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From Pesach to Shavuot or take the time to love.

During Sefirat Haomer, most Siddurim include prayer and hints,
containing mystical elements, belonging to the language of the Zohar.
The 49 days of the countdown are divided into 7 weeks. Each week is attributed to one of the Sefirot 7, and each day is one of the 7 Sefirot particular to this week’s Sefira general.
These 7 Sefirot are:
⁃ Hesed: Love
⁃ Gevura: Courage
⁃ Tiferet: Harmony
⁃ Netzah: Triumph
⁃ Hod: Gratitude
⁃ Yesod: Foundation
⁃ Malchut: Royalty
The first week, that of Love, is composed of 7 days that are Love of Love, Courage of Love, Harmony of Love…
The second week, Courage, is composed of 7 days that are Courage Love, Courage Courage, Courage Harmony …
Thus one completes the 49 days that separate Pesah from Shavuot.
The idea behind this inclusion of the Sefirot is that each person, each individual soul, is part of a spiritual tree that expresses and must be modeled on the Divine attributes.
The goal of Sefirat haOmer is to follow our progress from an individual, narcissistic and closed level to itself, here compared to slavery, towards an increasingly inclusive level, which begins with the liberation of the Exodus.
In the end, we must reach Shavuot united. We become “One”, no longer in the single and isolated sense, but unified in one whole. Our individuality is broader, broader and more mature.
This is signified in the verse that says, “And Israel encamped in front of the Mountain,” on which the sages say, “As one man with one heart.”
This inclusivity is an essential notion.
She explains the question as well as the answer, in the famous dialogue between Hillel and the one who wanted to convert.
This one asked Hillel to explain to him all the Torah the moment to hold on one foot.
Hillel gave him the proverbial answer, “What is hateful for you, do not do it to your neighbor, the rest is commentary, go, learn.”
We can understand this in the light of an introduction.
According to the Talmud Sages, the human body is made of 248 organs and 365 nerves to correspond to the 248 positive commandments and the negative 365 commandments of the Torah.
An individual can not observe them all, because some are reserved for the Cohanim, others for the Levi, others for the women, etc.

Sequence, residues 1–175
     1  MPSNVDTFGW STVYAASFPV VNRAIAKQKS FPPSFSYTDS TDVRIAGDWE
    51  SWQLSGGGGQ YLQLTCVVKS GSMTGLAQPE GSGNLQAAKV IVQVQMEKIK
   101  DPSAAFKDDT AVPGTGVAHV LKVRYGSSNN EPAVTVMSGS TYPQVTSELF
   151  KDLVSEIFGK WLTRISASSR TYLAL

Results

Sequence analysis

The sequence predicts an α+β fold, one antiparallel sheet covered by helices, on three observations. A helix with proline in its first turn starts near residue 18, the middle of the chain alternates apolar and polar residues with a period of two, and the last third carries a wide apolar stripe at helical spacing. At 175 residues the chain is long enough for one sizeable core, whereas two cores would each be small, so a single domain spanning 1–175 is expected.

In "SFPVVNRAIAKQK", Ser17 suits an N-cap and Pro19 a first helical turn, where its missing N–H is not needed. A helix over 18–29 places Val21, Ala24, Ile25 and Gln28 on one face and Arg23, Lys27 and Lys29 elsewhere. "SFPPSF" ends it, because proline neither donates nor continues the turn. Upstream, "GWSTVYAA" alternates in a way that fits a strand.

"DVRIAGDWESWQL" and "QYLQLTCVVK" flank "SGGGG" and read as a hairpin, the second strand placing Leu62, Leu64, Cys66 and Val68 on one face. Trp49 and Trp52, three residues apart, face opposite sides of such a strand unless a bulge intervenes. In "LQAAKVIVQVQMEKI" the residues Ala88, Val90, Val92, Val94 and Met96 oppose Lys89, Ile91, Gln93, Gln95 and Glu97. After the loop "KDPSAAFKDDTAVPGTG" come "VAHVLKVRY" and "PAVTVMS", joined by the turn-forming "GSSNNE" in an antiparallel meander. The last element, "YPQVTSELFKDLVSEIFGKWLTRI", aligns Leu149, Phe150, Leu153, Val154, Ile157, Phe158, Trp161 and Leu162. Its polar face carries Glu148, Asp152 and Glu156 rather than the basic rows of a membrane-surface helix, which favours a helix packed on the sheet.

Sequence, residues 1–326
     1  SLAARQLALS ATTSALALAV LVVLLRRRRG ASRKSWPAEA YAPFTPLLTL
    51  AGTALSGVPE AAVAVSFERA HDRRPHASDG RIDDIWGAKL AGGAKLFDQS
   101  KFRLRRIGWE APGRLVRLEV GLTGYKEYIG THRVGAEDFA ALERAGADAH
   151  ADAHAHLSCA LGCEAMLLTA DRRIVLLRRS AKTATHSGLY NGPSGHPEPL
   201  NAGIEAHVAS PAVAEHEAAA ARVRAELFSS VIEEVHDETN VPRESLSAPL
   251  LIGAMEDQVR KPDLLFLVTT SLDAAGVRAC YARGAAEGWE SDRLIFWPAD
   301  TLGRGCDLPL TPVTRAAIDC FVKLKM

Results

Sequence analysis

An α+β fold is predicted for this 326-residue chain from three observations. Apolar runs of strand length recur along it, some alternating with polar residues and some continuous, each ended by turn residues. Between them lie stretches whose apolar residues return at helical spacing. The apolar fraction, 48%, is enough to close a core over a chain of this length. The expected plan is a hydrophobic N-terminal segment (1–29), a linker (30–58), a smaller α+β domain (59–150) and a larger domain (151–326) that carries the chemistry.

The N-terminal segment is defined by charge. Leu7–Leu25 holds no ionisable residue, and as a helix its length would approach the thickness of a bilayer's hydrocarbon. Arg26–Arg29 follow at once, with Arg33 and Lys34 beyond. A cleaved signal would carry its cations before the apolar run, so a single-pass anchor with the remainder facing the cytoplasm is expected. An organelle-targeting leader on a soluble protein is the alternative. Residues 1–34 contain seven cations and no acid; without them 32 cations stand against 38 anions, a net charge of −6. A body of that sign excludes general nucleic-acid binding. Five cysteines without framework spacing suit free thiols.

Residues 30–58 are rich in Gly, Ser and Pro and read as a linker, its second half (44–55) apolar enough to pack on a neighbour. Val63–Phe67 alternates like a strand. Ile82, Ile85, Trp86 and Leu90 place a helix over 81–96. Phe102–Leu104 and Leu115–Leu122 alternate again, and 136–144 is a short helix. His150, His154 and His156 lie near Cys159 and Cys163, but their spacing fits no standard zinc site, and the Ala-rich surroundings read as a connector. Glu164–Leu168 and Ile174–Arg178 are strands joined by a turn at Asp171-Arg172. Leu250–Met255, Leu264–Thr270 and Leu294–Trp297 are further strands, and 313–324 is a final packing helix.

The person who converts, being neither Cohen nor Levi, and not even enjoying the commandement of how to judge his inheritance (since he does not enter the community by parentage) is therefore a leg in relation to everything the body.
So the question is, how can we benefit from all the Mitzvot if there are some we can not do. Hillel’s answer takes negative precepts as a principle of inclusion.
Hillel means that not only are all included in particular positive precepts, but even the commandments that are performed by restraint are shared.
Just by not hurting others, we will include them in the good things we do.
So all are considered included in the Mitzvot that the Cohanim or Levi do, and so men and women are included with each other with the Mitzvot they do and that others can not do.
At Shavuot we read the Ten Commandments which are expressed to the second person singular, or G-d speaks to Israel as one person. This means that the Torah must be lived in inclusivity. Each person counts, with all its individual peculiarity, to achieve this unity.
It is not a question of uniformity, on the contrary we must be part of all and recognize ourselves in all as we are, and each must exist as such in ourselves.
Shavuot means Weeks. The 49 stations of the Unite become included in one, the 50th, where the Word passes to the Voice where each of us is recognized.


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